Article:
On our way up to Detroit for The Woodworking Show, we stopped off at The Henry Ford. (Of course, being winter and with the weather in the 20’s, Greenfield Village, where visitors are invited to travel through time and experience working farms and home life in America’s past, was closed.) The museum, however, was open and alive.
We stopped for the furniture – you’d guess that wouldn’t you – and found much more, including a few pieces of old iron from early woodworking days. The drill press in the opening photo, although changed throughout time, still looks similar to the machines we buy and use today, if they were juiced-up on steriods.
The bandsaw, to me, is an entirely different animal. This machine could barely fit into my shop today. There is no way it could fit into my early two-car garage shop. If I owned this machine today, I doubt I’d get to use it that much – with a horizontal surface that big, I’m sure it would become filled with seldom used but too good to toss wood scraps and other things.
On the furniture level, I’ve read many books and studied photos, but I can say that I was surprised to find a chest-on-chest that had finials that look like ice cream cones or had convex spirals. Mostly you see finials with inward or concave spirals. As I read the accompanying description, I began to understand. The chest was from Connecticut. Many “different” pieces of furniture hail from the Connecticut area.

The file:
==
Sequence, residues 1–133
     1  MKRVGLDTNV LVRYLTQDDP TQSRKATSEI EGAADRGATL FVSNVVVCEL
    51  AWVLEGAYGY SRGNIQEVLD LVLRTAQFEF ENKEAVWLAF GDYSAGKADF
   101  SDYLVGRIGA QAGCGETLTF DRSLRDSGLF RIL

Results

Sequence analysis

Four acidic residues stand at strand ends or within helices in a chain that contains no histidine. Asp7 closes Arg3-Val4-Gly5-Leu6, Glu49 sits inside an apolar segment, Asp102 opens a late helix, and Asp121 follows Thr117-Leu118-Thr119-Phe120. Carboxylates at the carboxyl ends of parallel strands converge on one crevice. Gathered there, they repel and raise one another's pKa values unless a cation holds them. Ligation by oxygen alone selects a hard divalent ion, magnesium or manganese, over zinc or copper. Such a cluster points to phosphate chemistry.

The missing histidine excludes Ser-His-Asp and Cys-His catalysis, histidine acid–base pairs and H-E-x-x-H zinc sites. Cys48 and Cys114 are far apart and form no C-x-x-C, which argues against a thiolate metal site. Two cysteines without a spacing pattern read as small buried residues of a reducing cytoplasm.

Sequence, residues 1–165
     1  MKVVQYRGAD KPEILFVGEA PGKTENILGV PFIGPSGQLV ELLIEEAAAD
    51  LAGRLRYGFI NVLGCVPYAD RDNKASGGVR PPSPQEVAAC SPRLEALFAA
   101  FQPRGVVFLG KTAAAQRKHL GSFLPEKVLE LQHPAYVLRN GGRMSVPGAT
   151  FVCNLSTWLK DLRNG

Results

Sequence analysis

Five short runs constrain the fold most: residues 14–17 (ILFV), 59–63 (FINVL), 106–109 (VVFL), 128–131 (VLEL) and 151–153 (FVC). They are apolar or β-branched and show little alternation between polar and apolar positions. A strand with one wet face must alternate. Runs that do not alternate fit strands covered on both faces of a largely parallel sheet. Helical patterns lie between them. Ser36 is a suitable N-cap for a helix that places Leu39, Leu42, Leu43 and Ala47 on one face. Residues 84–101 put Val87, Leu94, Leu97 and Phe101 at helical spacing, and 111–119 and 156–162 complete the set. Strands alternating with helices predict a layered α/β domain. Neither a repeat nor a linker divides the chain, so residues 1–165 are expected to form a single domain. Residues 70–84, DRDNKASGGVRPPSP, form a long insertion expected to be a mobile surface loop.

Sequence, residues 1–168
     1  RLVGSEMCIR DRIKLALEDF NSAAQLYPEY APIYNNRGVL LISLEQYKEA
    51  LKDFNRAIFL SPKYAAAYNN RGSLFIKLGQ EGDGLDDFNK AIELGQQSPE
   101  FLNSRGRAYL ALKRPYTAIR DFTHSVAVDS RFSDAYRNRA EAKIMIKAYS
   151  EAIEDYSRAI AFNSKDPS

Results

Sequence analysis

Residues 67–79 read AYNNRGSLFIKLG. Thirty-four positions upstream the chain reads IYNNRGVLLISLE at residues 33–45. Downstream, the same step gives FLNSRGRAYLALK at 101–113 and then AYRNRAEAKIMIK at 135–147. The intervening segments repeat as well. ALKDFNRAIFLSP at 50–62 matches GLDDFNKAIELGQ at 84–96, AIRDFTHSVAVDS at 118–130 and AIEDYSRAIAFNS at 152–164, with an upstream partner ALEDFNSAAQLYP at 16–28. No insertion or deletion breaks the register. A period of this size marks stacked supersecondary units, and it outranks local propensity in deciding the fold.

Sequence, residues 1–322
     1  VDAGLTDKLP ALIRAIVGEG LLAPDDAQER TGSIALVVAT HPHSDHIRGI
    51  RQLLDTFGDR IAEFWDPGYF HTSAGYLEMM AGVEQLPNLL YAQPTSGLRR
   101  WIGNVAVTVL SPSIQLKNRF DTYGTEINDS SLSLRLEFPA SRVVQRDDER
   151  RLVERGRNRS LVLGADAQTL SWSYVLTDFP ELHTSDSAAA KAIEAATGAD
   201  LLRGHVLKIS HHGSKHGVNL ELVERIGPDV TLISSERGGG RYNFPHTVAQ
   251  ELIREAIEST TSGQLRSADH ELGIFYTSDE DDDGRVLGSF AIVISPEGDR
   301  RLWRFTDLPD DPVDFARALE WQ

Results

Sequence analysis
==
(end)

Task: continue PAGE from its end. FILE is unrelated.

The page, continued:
The most fascinating items that I found amongst the many pieces of furniture, cars, trains, buses, airplanes, machinery and tractor trailers – The Henry Ford has something for everyone – were the Presidential limos that carried Presidents Eisenhower and Roosevelt (FDR). In my opinion, cars from this era are the stateliest automobiles ever made, and you can imagine that the President’s car would be top of the line. I just wish they would have parked them next to the Dusenberg.
We’ll have more from The Henry Ford at a future date.
Build Something Great!